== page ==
Read to combat hypertension, it works!
John Jones, learned his BP was abnormally high at the library’s checking station. Kat Flowers, librarian, asked him to sit and read for 10 - 15 minutes. He did; his BP dropped to normal. Elaine Sachau, she reads to help keep her BP normal.
Bayboro_ High blood pressure is often a catalyst for heart disease and a precursor for stroke. Under the umbrella of cardiovascular disease, heart issues are the 2nd leading cause of death in Pamlico Country. Managing hypertension coupled with frequent blood pressure monitoring can diminish the chances of falling victim to heart disease and stroke. Kat Flowers, librarian for the Pamlico County Library, reports that a grant from the The Community and Clinical Connections for Prevention and Health Branch of the North Carolina Division of Public Health, along with the donation of a blood pressure machine from Bayboro Pharmacy, has made it possible for the library to establish a free blood pressure checking station.
She said, “We want to keep the county’s residents happy with providing the best reading material possible and at the same time keep them healthy. We are hoping they realize the connection between reading and health, especially in terms of blood pressure. High blood pressure can be a silent killer. People often don’t realize that they have it because it has no warning signs of symptoms.”
She added, “We know that reading is much less expensive than blood pressure medications. And it should be obvious that reading has no ill side effects like some pharmaceuticals. When John Jones came in and checked his pressure, his reading was 176 /66. The effect of reading for a few minutes lowed his BP to 113/67. The Obesity, Diabetes, Heart Dease, and Stroke Prevention (ODHDSP) Project, funds resources and programs to increase awareness on physical activity and nutrition as a preventative to heart disease and stroke.
Bayboro Pharmacy Owner, Lori Brinson Altman, collaborated with the ODHDSP Project to play a part in improving health resources to Pamlico County residents. She said, “We wanted to promote self-monitored blood pressure, give individuals the ability to monitor their blood pressure without visiting a healthcare professional, and increase access to health resources. Placing the blood pressure machine in the library gives options and access to everyone, especially individuals with limited income.”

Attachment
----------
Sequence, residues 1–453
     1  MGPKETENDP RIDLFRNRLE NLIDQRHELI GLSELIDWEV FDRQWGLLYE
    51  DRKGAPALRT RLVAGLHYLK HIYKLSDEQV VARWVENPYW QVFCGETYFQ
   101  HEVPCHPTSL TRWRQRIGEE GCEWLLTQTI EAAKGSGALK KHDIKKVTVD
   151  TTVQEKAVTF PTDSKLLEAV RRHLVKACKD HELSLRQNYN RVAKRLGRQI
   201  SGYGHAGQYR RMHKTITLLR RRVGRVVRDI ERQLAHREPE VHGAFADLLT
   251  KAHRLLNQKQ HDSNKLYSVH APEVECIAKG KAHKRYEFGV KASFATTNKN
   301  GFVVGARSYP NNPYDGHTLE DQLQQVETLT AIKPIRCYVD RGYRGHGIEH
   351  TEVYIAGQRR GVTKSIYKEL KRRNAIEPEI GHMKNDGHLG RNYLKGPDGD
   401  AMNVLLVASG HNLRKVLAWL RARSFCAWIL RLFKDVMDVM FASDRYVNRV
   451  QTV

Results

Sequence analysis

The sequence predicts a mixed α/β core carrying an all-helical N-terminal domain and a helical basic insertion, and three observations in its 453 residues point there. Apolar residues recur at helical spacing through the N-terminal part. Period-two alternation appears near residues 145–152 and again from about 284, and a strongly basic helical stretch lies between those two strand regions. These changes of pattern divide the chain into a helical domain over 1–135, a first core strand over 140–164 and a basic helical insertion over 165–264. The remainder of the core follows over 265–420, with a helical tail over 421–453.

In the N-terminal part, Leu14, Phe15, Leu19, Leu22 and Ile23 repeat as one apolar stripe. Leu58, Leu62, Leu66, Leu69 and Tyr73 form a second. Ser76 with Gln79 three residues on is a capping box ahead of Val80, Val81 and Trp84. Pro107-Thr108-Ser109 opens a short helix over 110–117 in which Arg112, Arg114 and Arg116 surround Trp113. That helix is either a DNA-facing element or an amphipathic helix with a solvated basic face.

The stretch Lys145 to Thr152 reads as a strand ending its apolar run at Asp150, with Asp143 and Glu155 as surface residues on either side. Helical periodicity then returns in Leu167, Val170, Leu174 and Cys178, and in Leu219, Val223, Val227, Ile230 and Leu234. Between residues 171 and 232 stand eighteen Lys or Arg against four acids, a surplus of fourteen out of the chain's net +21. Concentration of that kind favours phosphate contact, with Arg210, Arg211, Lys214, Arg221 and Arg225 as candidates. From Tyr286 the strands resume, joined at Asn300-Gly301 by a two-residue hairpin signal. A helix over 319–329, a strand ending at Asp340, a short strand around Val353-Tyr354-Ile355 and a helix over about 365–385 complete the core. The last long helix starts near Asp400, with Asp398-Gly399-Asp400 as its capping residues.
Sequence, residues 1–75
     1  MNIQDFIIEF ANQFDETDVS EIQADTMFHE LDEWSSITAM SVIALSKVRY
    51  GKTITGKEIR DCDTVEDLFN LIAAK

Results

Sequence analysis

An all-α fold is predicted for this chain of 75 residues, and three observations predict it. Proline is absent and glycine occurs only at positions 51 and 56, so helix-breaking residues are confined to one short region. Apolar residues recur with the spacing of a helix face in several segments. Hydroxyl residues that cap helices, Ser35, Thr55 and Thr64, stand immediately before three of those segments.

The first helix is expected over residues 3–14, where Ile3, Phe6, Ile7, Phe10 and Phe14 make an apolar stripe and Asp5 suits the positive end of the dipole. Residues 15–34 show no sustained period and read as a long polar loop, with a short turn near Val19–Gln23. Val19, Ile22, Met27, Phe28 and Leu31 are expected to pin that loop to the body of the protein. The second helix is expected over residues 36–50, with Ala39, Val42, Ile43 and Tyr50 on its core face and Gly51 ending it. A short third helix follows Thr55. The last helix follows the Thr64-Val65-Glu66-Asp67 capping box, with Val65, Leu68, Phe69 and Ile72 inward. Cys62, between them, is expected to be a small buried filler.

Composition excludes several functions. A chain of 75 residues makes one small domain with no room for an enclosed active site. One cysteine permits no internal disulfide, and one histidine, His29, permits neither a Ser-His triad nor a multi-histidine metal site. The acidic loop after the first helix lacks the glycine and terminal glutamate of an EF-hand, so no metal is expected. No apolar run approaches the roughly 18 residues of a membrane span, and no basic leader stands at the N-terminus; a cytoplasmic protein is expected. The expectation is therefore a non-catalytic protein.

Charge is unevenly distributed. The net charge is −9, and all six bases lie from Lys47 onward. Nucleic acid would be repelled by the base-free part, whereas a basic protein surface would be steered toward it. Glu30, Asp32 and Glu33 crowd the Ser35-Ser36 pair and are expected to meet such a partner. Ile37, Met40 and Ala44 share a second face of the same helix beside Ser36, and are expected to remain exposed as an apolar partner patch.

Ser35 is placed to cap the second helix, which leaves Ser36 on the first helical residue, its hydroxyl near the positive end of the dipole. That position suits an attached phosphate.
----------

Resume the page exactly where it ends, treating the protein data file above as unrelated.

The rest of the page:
According to Flowers, “Losing yourself in a book is the ultimate relaxation. Studies have proven that reading can diminish stress in individuals by up to 68%, making the library a great venue for the blood pressure station. And remember, reading in the library and having a blood pressure check is free to the public.”
The Pamlico County Library is located at 603 Main St, Bayboro, NC. To learn more, call (252) 745-3515.
Burlington woman drives 3 hours to register for classes at PCC
Grantsboro_ Kimberly Shoff-ner knows exactly what she wants to do with her life now, and Pamlico Community College is going to help her make it happen. Shoffner drove more than three hours from her home in Burlington last Wednesday to sign up for classes. Her goal is to enroll in the college’s Electroneurodiagnostic Technology (EDT) program and become qualifiedto conduct studies on patients’ brain waves.
“This is my dream,” the 49-year-old said enthusiastically. “I’m passionate about it. I knew that I wanted to do this. I drove all the way here from Alamance County because it’s so exciting!” Shoffner’s passion for studying the brain began after her 24-year-old son started suffering seizures as a child. He eventually was diagnosed with nocturnal frontal lobe epilepsy. Shoffner, who describes herself as a woman of great faith, believes her experiences as the mother of a special needs child have prepared her for this new phase in her life.
“I did not choose this path for myself,” she said. “I believe I can make a difference by using what I know and learning more to help someone else.” PCC is currently one of only two community colleges in North Carolina offering an EDT program, and PCC is the only college that offers its EDT associate’s degree program entirely online. The program is accredited by the Commission on Accreditation of Allied Health Education Programs and is headquartered in the college’s Delamar Center.
The program trains students to conduct sophisticated tests on the electrical waves in a patient’s brain and spine. The tests can be essential in the diagnosis and treat-ment of neurological disorders. Shoffner grew up in Alamance County and enjoyed a long career in local government administration before deciding to pursue her EDT degree. Her husband, who works for Norfolk Southern Railroad in train signal maintenance, has been very encouraging, even joking that Shoffner soon will be employed in “brain signal maintenance.”